You are using an older browser version. Please use a supported version for the best MSN experience.

Author: Sanction Middlebury students who shouted down speech

Associated Press logo Associated Press 3/7/2017 By LISA RATHKE, Associated Press

MIDDLEBURY, Vt. (AP) — A controversial speaker and author who was shouted down by protesters at Middlebury College and then confronted by a "mob" afterward wants the school to sanction those involved.

Charles Murray, who describes himself as a libertarian and social scientist, warned that anything less could become an inspiration for other protests and has the potential "to be a disaster for American liberal education."

"If that's the new normal then why would any college in its right mind allow a controversial speaker to arrive? Because no college wants to go through what Middlebury's gone through," he told The Associated Press on Monday.

Middlebury police are investigating the incident after Murray's talk Thursday. A professor was injured, but Murray was not harmed, the college said. The school has initiated an independent investigation, college President Laurie Patton said in a letter to the school community Monday.

"We all have the right to make our voices heard, both in support of and in opposition to people and ideas. Our concern is acts of disruption and violence, where available means of peaceful protest were declined," she said.

Murray is known for co-authoring the book "The Bell Curve: Intelligence and Class Structure in American Life," which sparked controversy over suggestions that genetics and environmental factors played a role in explaining racial differences.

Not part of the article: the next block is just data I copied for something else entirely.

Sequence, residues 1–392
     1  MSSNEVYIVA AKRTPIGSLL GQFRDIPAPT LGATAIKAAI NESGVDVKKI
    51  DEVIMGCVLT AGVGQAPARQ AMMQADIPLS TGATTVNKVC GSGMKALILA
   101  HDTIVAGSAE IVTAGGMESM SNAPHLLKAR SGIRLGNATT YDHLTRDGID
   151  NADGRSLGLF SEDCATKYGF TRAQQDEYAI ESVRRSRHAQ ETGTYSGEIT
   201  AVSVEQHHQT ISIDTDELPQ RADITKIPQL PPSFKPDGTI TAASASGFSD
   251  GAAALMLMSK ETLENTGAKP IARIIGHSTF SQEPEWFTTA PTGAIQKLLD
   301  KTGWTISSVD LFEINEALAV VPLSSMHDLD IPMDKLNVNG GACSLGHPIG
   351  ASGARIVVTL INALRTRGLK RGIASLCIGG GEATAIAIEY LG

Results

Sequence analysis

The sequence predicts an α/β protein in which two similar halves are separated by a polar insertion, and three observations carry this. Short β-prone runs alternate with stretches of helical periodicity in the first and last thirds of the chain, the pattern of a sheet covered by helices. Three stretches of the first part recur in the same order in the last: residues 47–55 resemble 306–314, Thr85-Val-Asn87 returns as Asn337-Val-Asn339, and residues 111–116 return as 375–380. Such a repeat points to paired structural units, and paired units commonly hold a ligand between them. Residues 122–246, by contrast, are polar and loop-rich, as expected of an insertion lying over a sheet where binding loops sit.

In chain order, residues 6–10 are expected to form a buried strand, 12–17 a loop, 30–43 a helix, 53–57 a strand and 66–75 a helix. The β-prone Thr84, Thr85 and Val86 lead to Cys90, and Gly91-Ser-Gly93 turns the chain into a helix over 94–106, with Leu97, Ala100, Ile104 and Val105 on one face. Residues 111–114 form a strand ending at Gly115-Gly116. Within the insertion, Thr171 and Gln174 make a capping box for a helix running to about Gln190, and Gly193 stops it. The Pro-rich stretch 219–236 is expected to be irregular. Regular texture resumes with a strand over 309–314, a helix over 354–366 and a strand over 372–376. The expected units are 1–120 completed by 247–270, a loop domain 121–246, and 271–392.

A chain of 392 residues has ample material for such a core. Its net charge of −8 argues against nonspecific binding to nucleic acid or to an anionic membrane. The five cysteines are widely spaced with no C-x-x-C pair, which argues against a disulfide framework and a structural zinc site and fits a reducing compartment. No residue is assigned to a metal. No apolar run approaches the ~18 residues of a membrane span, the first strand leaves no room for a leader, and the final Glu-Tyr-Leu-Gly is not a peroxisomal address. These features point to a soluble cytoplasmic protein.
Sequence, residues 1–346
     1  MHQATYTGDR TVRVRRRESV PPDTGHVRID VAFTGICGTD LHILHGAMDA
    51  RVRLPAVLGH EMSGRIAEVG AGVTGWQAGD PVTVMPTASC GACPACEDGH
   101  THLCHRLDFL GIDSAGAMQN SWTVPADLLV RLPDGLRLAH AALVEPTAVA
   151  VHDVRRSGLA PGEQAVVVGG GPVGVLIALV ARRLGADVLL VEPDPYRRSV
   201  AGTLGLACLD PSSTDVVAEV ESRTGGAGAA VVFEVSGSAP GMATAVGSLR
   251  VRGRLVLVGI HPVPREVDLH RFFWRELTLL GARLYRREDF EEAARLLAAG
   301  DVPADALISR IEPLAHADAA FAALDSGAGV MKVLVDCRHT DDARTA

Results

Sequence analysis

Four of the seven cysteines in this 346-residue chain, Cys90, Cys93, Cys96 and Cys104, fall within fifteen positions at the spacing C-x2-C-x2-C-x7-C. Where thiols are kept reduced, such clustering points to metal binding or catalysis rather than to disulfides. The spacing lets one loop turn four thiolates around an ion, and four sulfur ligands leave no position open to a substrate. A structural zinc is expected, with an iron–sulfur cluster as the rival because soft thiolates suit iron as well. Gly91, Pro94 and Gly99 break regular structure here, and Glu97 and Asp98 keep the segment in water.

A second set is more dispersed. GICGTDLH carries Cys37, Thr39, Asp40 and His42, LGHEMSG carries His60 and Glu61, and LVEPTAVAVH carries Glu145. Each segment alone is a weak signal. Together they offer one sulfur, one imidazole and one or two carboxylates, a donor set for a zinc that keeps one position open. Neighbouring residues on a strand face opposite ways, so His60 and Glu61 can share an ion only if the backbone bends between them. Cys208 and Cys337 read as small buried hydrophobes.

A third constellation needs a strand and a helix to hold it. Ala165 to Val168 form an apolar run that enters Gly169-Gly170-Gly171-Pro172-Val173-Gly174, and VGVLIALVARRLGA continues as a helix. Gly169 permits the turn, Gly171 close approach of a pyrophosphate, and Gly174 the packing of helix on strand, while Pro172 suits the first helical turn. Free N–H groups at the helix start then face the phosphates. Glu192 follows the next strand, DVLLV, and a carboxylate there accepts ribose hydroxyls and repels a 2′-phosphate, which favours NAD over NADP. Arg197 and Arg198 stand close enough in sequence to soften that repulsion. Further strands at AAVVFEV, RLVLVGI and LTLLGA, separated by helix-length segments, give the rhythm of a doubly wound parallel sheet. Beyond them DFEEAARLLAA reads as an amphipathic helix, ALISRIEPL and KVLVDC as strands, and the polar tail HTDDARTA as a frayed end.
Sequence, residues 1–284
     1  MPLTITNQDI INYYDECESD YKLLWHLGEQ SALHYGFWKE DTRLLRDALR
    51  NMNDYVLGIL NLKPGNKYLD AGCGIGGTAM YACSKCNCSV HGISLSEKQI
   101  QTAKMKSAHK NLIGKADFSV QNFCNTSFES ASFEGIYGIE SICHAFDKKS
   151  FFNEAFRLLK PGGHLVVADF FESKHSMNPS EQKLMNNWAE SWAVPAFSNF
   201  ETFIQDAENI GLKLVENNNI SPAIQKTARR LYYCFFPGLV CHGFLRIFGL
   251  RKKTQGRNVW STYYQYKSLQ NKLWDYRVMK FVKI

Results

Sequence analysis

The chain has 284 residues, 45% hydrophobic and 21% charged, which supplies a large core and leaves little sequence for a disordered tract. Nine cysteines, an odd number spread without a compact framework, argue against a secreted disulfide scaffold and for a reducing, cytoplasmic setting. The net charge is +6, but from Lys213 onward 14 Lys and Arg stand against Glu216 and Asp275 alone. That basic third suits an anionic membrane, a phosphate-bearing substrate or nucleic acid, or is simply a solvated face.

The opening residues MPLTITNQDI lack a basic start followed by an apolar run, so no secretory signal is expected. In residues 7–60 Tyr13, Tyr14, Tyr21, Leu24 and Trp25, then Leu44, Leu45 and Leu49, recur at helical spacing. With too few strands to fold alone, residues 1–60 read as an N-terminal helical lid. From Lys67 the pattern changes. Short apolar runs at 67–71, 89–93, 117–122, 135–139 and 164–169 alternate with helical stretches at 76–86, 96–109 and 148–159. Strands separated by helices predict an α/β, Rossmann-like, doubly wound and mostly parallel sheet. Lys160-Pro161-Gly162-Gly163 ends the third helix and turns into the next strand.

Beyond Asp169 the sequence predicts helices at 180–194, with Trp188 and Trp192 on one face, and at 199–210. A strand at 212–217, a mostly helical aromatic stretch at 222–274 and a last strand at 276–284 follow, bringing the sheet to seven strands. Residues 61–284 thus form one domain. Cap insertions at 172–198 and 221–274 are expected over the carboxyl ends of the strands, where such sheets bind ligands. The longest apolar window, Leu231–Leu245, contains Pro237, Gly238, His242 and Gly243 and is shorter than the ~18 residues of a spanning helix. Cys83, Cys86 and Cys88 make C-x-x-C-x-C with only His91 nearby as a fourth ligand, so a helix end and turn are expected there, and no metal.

During his speech Thursday, hundreds of students chanted as Murray began to speak. It forced the college to move the lecture to an undisclosed location. Murray's talk was live-streamed to the original venue, but protesters drowned it out. The topic, he said, was the divergence of the country's culture into a new upper class separated from mainstream America.

Afterward, a group of protesters surrounded Murray, Middlebury Professor Allison Stanger, and college administrator Bill Burger as they were leaving, he said. The protesters became violent, with one pulling a professor's hair, twisting her neck, the school said. After Murray and the two Middlebury staff got into a car to leave, protesters banged on the windows, climbed onto the hood and rocked the vehicle, the school and Murray said.

"If it hadn't been for Allison and Bill keeping hold of me and the security guards pulling people off me, I would have been pushed to the ground," Murray said.

AdChoices
AdChoices
AdChoices
image beaconimage beaconimage beacon